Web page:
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Historica Canada Education Portal

Grant MacEwan

  • Political History
  • Elementary – Junior

This lesson plan was created by members of Historica Canada’s teacher community. Historica Canada does not take responsibility for the accuracy or availability of any links herein, and the views reflected in these learning tools may not necessary reflect those of Historica Canada. We welcome feedback regarding the content that may be linked to or included in these learning tools; email us at


This lesson is based on viewing the Grant MacEwan biography from The Canadians series. MacEwan was a writer, historian, and politician. He wrote numerous books about agriculture and history, and he held several political positions including an appointment as the Lieutenant-Governor of Alberta.


Studying the life of Grant MacEwan will provide students with the opportunity to explore a variety of topics. Students will learn about sustainable development, land use, goal setting, and political leadership.


Grant MacEwan was a leader in the truest sense of the word. He followed his heart and lived by his own rules regardless of what others thought or said about him. He was an author of 57 books, politician, educator, innovator, and environmental pioneer. Known for his eccentric behaviour, MacEwan often clashed with society’s conventions of acceptability.

Some critics dismiss MacEwan as a strange individual with reckless abandon for societal rules. Although spontaneity was a trademark characteristic, MacEwan was nevertheless an important figure in Canadian political history. His devotion to the study of agriculture and advocation of its importance in sustaining the natural environment were unparalleled. MacEwan’s drive and determination to succeed and improve people’s lives was admirable. He clearly left his mark on Canadian society at the conclusion of the twentieth century.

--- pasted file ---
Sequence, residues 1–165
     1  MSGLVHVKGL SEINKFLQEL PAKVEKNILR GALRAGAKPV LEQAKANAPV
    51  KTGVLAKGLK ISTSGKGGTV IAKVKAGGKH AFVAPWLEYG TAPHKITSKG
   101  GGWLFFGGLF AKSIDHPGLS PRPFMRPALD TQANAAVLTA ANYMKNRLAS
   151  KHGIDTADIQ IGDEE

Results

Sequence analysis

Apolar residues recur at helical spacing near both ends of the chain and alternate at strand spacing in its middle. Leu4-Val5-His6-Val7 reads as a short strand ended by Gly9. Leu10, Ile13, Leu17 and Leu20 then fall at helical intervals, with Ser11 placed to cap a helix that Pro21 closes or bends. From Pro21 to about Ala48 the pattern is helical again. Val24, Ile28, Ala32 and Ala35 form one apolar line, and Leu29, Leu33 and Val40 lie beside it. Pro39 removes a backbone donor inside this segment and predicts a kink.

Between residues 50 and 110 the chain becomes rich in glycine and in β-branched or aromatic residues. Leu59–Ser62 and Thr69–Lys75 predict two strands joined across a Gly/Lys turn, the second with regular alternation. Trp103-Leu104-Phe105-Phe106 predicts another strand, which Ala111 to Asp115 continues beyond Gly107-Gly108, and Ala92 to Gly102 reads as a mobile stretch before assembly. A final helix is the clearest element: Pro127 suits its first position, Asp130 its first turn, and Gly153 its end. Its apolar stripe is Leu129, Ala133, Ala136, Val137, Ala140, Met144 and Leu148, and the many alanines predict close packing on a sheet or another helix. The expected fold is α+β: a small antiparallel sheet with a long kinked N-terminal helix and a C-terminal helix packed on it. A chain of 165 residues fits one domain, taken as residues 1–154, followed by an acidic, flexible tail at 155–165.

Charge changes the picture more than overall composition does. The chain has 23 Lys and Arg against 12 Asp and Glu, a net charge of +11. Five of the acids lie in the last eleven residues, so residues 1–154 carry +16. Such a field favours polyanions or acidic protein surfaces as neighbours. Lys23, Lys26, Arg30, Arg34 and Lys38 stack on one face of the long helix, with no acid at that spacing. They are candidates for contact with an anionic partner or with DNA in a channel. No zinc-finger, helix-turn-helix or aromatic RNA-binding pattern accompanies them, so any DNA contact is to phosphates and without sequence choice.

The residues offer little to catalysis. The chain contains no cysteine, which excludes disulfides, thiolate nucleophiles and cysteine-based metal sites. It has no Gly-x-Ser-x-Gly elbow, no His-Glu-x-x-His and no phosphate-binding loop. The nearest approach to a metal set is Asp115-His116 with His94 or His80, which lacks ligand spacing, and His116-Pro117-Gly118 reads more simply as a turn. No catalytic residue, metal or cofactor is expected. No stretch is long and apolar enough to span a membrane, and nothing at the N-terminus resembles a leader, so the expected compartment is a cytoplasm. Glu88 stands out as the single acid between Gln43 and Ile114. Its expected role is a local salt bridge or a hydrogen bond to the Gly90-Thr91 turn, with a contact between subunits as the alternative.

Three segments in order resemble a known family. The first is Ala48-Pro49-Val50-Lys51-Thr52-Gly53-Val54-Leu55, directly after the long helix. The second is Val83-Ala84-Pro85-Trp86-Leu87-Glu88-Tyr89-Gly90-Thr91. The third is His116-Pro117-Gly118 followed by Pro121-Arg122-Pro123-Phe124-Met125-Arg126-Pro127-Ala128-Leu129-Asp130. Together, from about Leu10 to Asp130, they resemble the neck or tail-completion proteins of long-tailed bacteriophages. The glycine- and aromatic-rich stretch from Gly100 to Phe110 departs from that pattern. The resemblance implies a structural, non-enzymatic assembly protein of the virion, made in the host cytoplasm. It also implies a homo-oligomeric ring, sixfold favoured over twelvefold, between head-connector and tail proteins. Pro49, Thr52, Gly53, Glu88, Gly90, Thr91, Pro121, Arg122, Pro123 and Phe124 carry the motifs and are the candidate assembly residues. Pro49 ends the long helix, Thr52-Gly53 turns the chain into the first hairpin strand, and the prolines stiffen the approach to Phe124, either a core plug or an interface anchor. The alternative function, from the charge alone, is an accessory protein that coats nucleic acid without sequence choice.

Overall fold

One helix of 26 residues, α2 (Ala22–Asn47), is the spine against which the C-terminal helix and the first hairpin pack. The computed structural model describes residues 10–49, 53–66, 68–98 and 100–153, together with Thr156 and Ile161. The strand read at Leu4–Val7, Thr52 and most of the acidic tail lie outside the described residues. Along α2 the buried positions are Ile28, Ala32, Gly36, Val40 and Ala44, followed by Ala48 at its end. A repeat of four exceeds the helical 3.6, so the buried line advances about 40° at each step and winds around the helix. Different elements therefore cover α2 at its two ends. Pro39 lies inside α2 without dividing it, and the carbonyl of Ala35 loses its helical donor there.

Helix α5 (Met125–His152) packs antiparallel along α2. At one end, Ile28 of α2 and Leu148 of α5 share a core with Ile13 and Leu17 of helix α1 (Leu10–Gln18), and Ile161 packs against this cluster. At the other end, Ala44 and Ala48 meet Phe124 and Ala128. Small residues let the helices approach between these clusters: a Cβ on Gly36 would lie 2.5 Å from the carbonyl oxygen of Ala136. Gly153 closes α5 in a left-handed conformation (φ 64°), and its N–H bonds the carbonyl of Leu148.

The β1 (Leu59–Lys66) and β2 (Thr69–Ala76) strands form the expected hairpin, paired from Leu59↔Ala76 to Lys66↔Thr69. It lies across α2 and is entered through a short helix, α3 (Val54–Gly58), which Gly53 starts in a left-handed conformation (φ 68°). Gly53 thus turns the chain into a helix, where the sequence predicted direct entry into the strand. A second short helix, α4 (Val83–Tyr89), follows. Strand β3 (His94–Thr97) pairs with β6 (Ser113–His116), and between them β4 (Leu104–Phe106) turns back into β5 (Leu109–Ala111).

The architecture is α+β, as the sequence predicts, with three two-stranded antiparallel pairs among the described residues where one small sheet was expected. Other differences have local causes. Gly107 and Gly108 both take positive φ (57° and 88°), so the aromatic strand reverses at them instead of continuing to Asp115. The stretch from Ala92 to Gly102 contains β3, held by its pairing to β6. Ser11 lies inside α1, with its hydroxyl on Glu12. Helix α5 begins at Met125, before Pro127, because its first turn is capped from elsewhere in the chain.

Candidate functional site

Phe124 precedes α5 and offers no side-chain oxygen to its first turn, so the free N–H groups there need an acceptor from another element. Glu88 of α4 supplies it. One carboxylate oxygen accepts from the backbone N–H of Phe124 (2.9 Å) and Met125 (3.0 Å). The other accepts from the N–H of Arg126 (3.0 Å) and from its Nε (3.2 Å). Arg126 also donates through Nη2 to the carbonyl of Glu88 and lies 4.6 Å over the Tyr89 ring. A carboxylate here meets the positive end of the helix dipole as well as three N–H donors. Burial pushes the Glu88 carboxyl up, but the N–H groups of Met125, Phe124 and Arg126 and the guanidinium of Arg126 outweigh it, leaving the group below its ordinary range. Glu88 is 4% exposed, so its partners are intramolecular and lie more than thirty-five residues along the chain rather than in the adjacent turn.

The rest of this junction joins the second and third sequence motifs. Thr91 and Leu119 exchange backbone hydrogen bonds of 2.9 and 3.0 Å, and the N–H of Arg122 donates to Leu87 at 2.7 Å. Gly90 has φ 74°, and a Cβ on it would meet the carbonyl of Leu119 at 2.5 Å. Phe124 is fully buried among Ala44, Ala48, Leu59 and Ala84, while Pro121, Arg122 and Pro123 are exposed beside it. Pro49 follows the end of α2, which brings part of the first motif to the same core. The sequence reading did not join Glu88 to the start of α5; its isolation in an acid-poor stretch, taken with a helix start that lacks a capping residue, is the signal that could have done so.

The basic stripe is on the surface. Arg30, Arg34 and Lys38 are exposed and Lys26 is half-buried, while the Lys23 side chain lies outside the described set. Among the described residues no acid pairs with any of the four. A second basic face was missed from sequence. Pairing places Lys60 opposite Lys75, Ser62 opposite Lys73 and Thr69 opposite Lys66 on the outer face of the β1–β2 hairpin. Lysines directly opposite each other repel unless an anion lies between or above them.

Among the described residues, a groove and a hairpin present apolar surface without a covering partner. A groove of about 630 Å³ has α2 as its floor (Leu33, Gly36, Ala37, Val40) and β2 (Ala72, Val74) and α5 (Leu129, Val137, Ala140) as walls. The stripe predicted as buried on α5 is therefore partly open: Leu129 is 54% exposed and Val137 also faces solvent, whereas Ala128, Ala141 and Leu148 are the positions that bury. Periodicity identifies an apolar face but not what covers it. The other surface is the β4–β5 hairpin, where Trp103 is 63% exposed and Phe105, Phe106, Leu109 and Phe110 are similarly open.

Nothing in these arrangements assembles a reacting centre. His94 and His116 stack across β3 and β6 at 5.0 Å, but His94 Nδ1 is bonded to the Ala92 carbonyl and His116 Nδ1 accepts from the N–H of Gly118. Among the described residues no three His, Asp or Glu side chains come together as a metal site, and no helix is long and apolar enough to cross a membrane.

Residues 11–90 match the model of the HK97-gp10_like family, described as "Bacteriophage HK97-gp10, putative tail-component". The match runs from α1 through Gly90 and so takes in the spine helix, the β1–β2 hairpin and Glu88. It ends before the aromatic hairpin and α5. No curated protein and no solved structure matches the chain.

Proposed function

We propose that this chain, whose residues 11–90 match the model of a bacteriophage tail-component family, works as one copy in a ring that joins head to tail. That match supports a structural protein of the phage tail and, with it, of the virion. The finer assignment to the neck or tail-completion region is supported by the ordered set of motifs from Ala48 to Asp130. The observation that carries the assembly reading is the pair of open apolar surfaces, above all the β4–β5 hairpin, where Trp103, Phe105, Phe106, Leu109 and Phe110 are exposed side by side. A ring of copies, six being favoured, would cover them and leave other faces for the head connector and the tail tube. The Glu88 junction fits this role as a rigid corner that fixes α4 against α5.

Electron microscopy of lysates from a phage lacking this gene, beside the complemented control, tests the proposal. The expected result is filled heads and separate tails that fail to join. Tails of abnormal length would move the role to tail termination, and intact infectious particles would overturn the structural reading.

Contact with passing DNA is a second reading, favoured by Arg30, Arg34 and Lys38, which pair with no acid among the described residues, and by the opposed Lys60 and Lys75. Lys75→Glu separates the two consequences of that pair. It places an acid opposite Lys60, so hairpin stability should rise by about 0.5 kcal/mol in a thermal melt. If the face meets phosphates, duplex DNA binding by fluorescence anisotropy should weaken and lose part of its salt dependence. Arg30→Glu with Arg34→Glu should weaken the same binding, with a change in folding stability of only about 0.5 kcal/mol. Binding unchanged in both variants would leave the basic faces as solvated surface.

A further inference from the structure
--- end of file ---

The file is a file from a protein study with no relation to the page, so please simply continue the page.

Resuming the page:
Time Allowance:
1 - 4 hours


1. Have the class prepare a flow chart that documents the life of Grant MacEwan. A major aspect of this project is to create a timeline listing important dates and all of MacEwan’s major accomplishments.

2. Grant MacEwan started with a dream of wanting to make a difference in people’s lives and he achieved this goal through agriculture and politics. As a class, discuss the importance of having a dream and sticking with it. Then direct students to write down a goal or dream they wish to pursue in the future. Have them outline how they might reach that particular goal.

3. After living through the terrible conditions of the Great Depression in the 1930’s, MacEwan promptly sought alternative agricultural practices to avoid future disaster. As a class, discuss the importance of sustainable development and have students research recent debates on the topic, referring to specific examples.

4. Have students examine the environmental pursuits and interests of Grant MacEwan. They should create a table to organize MacEwan’s accomplishments. In what ways can he be considered an environmental pioneer? Students should decide if each endeavour was a success or failure and briefly explain why they judged it that way.